• Faster Regulatory approvals – Issues relating to project implementation, monitoring and dispute resolution are among the key concerns of the developers. PPP mechanism can help ensure timely clearances of regulatory approvals, which can reduces the risk of cost and schedule overruns.

• Improved financing — A joint pool of private and public funds may be more effective and efficient in financing housing projects. Further, a PPP project with government guarantee may help secure lending from institutional lenders at lower cost.

• Improved affordability – With some relief on stamp duty and development fees, and tie-up with banking institutions, the affordability of houses by EWS/LIG sections could be improved.

For instance, to encourage PPP in affordable housing space, Rajasthan has drastically reduced the stamp duty in the case of EWS/LIG houses from 8% to mere Rs.10 in the case of EWS and Rs.25 in the case of LIGH. As a result, so far, over 75,000 houses (60% of budgeted target) for EWS / LIG groups have been delivered through PPP in locations such as Global city, Neemrana, Greater Bhiwadi and New Jaipur.

States like Haryana and Tamil Nadu have made good use of transferable development rights and a liberalised FSI approach to encourage PPP in the affordable housing sector. In fact, Tamil Nadu offers 50 percent extra FSI for projects targeting EWS in Chennai Metropolitan Area and 30 percent extra FSI for projects targeting MIG. Haryana has a proposal to increase the density norms from 300 persons per acre to 900 persons per acre, allowing developers to increase the maximum number of units per acre from 60 to 180. Cities like Delhi and Ahmedabad have drafted Township Development Schemes or Land Pooling Policy (type of PPP models) to encourage affordable housing developments through PPP route.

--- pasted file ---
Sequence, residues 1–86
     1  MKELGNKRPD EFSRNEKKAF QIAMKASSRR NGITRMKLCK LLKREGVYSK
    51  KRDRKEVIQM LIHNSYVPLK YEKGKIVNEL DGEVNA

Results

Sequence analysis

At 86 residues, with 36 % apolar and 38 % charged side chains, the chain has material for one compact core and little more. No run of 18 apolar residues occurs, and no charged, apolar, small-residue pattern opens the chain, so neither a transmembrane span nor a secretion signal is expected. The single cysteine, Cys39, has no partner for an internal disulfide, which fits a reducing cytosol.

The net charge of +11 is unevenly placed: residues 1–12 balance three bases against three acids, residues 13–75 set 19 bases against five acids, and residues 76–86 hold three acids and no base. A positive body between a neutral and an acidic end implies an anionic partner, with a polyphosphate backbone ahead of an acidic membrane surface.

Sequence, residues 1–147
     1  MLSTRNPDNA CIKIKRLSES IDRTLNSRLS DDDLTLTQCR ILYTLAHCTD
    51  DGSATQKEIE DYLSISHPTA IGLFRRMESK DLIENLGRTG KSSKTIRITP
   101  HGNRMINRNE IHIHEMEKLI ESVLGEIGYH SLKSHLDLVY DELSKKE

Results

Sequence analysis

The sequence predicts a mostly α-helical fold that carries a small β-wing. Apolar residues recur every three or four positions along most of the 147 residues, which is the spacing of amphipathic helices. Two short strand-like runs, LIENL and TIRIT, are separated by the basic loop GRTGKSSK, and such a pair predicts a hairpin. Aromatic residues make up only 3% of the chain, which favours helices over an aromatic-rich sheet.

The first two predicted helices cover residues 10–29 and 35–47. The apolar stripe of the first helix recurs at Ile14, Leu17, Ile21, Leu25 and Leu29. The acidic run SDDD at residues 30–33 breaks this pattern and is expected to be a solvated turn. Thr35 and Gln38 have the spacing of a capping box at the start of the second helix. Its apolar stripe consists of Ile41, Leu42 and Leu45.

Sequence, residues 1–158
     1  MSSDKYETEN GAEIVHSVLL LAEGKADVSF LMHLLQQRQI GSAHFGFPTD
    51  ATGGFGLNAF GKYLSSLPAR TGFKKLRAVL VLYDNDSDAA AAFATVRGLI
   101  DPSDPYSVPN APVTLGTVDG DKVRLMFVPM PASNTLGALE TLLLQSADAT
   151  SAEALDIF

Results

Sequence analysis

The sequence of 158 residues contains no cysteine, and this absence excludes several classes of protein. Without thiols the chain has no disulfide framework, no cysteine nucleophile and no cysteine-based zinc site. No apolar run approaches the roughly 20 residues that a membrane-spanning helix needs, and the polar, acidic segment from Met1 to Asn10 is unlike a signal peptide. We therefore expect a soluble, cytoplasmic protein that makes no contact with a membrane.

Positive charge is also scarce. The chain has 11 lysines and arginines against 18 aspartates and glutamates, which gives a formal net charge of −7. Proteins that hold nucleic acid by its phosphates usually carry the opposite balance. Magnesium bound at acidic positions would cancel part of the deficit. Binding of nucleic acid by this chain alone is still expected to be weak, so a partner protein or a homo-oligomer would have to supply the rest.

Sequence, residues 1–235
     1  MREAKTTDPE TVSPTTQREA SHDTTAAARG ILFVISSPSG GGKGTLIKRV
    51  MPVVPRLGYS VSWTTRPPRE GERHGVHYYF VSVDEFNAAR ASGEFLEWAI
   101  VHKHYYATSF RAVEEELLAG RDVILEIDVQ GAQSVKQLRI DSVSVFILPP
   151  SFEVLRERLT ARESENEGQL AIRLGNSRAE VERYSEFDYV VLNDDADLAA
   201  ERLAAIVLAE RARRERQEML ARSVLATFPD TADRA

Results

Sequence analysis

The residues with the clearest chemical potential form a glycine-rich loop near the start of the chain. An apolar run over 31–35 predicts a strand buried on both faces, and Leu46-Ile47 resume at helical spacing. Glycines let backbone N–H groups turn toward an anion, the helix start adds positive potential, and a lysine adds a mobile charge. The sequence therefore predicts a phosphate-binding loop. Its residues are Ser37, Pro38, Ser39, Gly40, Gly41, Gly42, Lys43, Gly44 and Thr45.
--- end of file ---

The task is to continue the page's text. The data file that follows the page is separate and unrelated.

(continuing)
Going forward, it will be possible to motivate more private developers to take up construction of affordable housing in various urban centers of the country if the authorities can offer an enabling policy framework and in-built incentives.

About P. Sahel

As Vice Chairman of Lotus Greens, Sahel is responsible for giving directions on overall business strategy and key investments decisions of the firm. Being one of the founding members of Lotus Greens, Sahel has been instrumental in formulating various company policies, setting up systems and processes, and building a strong team of professionals. Prior to Lotus Greens, Sahel worked for more than 16 years in some of India’s largest and most respected real estate companies like Jones Lang LaSalle for 13 years as the Managing Director of the Markets & Solution Development and DLF prior to that. The views expressed are personal